Feb 6, 2014

Driving lessons

I'm in Jaisalmer, a small desert city in the Thar Desert. It used to be an important stop on the spice trail, but the only caravans that stop there now contain tourists. 

But before I get ahead of myself again, I'll describe how I got here. I left Udaipur in a car, sharing it with two lovely retired Australians named David and Helen. 

This is our driver Kailash. He looks a bit tired here because he's been driving for seven hours on dusty roads. He's from Udaipur and lives there with his family. He is the only non-vegetarian in his family. He said he sometimes eats chicken and mutton, which his wife frowns on. I asked who did the cooking at home, then? He said no, no! Never meat at home, the kitchen is pure vegetarian. He has to go out to eat meat furtively. 

There was lots to see and do on the road. It's very dry, dusty, rocky country but so odd to see it punctuated by bright green fields of wheat, millet, sugar cane, and mustard. 

We stopped to look at this interesting irrigation pump.

David and Helen (I forgot to snap a pic of them but we are meeting up again in Jaisalmer) have been coming to India for 16 years and have a lot of friends here. They are going to Jaisalmer for a wedding. They suggested we stop at the famous Jain temple in Ranakpur.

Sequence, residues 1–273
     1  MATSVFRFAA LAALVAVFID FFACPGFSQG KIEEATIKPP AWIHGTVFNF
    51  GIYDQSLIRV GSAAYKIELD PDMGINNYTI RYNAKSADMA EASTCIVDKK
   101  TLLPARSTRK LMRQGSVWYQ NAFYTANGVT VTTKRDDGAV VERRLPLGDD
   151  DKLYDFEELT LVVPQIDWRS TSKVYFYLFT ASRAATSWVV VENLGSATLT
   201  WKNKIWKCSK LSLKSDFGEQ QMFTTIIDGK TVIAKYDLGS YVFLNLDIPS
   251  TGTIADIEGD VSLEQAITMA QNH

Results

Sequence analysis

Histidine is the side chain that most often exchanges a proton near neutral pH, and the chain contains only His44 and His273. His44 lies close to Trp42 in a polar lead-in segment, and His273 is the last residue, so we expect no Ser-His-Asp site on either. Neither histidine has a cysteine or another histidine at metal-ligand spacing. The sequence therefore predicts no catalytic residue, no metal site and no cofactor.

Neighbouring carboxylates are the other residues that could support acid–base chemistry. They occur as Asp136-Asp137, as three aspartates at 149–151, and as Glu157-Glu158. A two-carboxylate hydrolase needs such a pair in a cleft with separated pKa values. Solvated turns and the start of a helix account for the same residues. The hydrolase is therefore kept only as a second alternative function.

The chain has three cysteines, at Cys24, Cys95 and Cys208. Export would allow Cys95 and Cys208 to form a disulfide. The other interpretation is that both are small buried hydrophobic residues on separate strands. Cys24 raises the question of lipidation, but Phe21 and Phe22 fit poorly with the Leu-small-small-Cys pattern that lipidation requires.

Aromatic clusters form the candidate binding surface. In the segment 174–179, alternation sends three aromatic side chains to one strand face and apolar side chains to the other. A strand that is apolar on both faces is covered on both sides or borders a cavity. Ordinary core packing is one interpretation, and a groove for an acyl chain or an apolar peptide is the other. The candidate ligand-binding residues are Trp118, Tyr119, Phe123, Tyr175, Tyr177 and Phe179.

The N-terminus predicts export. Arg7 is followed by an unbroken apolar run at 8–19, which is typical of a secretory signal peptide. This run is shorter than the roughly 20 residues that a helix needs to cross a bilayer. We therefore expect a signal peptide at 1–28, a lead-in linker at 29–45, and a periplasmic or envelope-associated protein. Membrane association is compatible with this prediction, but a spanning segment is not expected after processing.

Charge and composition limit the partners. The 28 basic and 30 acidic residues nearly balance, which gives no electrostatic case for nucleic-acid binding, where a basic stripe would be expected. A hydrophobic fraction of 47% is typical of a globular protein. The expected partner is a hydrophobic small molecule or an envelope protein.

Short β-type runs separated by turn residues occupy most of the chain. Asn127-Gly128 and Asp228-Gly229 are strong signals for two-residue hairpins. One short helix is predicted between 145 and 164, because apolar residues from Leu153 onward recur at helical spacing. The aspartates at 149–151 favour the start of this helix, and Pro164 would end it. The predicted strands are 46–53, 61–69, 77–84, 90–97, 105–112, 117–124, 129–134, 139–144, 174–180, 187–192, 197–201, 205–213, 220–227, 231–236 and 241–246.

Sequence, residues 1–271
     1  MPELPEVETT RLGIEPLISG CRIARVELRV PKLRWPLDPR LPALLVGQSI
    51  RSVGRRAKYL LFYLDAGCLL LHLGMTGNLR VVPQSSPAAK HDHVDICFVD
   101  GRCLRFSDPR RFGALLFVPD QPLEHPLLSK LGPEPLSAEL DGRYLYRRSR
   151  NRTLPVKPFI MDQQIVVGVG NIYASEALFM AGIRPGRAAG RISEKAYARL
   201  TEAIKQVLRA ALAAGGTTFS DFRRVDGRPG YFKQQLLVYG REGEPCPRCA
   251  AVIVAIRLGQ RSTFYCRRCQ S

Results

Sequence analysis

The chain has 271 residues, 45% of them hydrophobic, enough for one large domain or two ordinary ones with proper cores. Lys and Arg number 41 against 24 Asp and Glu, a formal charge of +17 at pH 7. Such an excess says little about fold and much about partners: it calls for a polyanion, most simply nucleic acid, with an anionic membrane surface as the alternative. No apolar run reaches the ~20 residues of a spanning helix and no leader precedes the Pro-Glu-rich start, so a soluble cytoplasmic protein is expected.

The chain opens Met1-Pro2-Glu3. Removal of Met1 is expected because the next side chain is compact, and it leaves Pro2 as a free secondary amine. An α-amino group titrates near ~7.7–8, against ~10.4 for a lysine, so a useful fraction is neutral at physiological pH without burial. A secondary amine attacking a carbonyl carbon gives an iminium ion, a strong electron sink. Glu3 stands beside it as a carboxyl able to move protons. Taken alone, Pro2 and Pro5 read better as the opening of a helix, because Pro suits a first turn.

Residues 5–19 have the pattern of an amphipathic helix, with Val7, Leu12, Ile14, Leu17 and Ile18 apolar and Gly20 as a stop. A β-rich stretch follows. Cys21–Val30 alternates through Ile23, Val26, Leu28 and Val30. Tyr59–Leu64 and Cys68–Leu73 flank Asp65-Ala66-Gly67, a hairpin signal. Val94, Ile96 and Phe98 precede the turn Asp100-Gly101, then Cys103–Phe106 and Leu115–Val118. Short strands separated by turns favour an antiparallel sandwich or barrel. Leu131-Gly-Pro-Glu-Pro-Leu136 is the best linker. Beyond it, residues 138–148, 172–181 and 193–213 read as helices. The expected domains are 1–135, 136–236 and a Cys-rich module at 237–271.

They taught me my numbers in Hindi from 1-10. We saw huge bats sleeping upside down in a tree, and whole tribes of monkeys outside Ranakpur. 

We passed lots of transport trucks on the road. Most are brightly painted like this one. 

Kailash told us there are three things needed for driving in India: a good horn, good brakes, and luck. Speaking of luck, we also stopped at the Om Bana shrine where the deity is an ancient Royal Enfield Bullet. 

The story goes that it belonged to a young Mewar prince who was killed in a motorcycle accident, something like 40 years ago. The police removed the bike but it started up and returned to the scene of the accident on its own. This happened again and again until it became venerated and people built a shrine around it. Kailash asked me if I prayed to the motorbike for anything. After all, he deadpanned, ”This is India. Anything is possible."

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